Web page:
High dose rate brachytherapy (HDR) is a temporary implant where hollow needles are placed in the prostate under general anaesthetic to direct a radioactive treatment source into the prostate gland. This is a small radioactive iridium source mounted on the end of a cable. The machine will automatically remove the radioactive source when the treatment is finished. You are not radioactive once the source is removed.
After the treatment, the needles are removed from the prostate while you are still under anaesthetic.
Hormone treatment and brachytherapy HDR implant treatment followed by external beam radiotherapy given daily for 15 days on weekdays only - as an outpatient. The course will usually begin 2 weeks after the brachytherapy and will include a visit for a CT planning scan as an outpatient beforehand. The scan and the images are used to guide the treatment and are not used for diagnostic purposes.
HDR alone. In a very selected group of people, for example, those who have previously had external beam radiotherapy to the prostate, HDR brachytherapy can be used to treat local recurrence.
HDR brachytherapy is a way of delivering a relatively high dose of targeted radiotherapy to the prostate gland whilst minimising the dose to the surrounding normal tissues such as bowel and bladder.
High doses of radiotherapy may also be delivered from the outside without additional HDR brachytherapy. Your oncologist will talk through these options and suggest which treatment is best for you.
You will need to attend a pre-assessment clinic as an outpatient before the implant. This will include an ECG [tracing of your heart] and some blood tests in preparation for your treatment. You may drive yourself to this appointment.
You will be admitted to The Christie on the morning of the treatment. We will inform you before you come to The Christie what time you need to stop eating and drinking before your general anaesthetic. You will remain in hospital overnight afterwards.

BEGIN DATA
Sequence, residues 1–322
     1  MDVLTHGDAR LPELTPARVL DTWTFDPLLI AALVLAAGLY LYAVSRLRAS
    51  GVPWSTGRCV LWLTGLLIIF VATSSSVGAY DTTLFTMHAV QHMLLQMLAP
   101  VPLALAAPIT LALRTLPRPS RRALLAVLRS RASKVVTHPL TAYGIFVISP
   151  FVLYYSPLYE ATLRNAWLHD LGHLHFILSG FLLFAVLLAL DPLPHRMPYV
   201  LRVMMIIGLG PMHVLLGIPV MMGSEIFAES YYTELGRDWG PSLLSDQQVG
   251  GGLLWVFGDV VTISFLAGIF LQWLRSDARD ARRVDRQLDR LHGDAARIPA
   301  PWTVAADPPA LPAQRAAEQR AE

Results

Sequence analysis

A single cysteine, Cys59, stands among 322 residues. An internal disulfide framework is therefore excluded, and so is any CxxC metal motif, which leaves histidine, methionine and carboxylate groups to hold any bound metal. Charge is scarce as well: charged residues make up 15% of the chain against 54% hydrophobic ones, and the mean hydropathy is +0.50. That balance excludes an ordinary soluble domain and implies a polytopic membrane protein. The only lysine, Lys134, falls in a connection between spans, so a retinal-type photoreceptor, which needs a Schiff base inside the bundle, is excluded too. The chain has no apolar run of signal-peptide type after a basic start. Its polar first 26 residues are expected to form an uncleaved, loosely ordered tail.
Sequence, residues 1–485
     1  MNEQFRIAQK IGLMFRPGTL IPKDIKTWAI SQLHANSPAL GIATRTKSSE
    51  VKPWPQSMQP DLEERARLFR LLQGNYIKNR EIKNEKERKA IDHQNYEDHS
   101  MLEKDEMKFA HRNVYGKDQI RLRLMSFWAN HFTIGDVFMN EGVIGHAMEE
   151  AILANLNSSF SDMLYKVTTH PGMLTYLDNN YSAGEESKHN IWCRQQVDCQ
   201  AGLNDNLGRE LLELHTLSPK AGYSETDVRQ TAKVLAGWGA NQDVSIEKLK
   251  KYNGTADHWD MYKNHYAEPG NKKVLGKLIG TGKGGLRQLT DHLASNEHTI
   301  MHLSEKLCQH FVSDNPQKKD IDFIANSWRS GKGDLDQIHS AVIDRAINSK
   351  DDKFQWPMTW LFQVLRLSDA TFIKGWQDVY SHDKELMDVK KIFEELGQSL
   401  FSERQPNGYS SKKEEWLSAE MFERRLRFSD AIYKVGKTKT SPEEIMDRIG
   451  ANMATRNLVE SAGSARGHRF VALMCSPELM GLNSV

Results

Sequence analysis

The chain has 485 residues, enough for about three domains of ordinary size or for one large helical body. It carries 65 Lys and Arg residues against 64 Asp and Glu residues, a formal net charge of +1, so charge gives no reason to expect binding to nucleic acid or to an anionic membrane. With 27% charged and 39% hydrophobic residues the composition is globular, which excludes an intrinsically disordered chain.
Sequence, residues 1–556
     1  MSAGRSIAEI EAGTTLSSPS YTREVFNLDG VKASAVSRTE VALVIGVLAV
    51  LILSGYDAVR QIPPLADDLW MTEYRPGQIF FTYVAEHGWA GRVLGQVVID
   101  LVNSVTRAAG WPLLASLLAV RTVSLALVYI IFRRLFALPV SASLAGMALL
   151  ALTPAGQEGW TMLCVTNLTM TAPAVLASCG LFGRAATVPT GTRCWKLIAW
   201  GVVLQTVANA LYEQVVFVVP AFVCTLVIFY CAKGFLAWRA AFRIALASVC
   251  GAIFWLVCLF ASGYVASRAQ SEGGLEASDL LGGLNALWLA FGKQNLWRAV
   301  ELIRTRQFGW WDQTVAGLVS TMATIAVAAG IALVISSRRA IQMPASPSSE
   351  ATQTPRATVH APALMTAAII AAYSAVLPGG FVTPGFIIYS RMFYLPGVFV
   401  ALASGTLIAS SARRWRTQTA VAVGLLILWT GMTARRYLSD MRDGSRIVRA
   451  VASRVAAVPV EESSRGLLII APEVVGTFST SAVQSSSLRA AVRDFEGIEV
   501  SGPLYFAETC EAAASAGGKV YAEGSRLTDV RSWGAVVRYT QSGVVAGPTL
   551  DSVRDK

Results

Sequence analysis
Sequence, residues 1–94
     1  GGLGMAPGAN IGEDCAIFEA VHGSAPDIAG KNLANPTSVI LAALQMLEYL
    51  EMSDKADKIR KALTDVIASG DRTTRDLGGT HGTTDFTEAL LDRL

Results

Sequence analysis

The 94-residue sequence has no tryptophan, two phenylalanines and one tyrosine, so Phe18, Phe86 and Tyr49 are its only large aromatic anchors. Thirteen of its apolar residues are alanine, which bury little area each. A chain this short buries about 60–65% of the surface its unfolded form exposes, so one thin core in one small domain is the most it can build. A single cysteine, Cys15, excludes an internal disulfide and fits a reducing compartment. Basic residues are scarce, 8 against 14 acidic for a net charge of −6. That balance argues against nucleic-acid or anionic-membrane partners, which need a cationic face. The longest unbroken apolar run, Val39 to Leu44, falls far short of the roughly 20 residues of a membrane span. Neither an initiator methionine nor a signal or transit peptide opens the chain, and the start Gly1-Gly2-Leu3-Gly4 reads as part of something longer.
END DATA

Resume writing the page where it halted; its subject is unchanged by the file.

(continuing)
You will have an enema on arrival on the ward to clear the lower part of the bowel. Your anaesthetist will see you and this is an opportunity for you to ask any questions. You will be taken to the brachytherapy theatre and be given a general anaesthetic. While under anaesthetic a catheter will be inserted through the penis to drain urine from your bladder. Then fine hollow metal needles will be passed through the skin between your scrotum and anus (perineum) into the prostate gland, guided by an ultrasound probe inside your back passage.
Once the oncologist is satisfied with the needle positions, the treatment will be planned and you will receive your HDR brachytherapy treatment whilst asleep.
You will be connected to a machine in theatre and a very small radioactive source will travel by remote control from the machine into each of the needles in turn. The source will stay in each needle for a precisely calculated length of time, according to the treatment plan.
The machine will automatically remove the radioactive pellet when the treatment is finished. You are not radioactive once the pellet is removed. After the treatment the needles will be removed before you awake. In all, the procedure will involve an anaesthetic time of around 3 hours and you will then be in the recovery area for a while afterwards.
When you are fully awake, you will leave the theatre recovery area and return to the ward. When you are on the ward we will give you painkillers if you need them, however, most patients do not experience very much discomfort at all.
The catheter draining urine from your bladder will be removed once you are up and moving about on the ward. This is usually early the next morning. You may pass small amounts of blood in your urine for a few days after the procedure. There is no need to worry as this is quite usual. You will remain on the ward until you can pass urine easily.
The area where the implant was placed may feel a little uncomfortable for a few days, particularly if you sit on a hard chair.
Sometimes bowel movements may feel a little uncomfortable for a few days and may occasionally cause a sharp pain in that area. This will settle on its own and is rarely severe enough to need active treatment. You can soon return to your normal level of activity. We will send you home with some medication to help you pass urine more easily.
You will find dietary advice in another booklet called 'Radiotherapy to the prostate'. This information will help you prepare for your course of external beam which will start approximately 2 weeks later.
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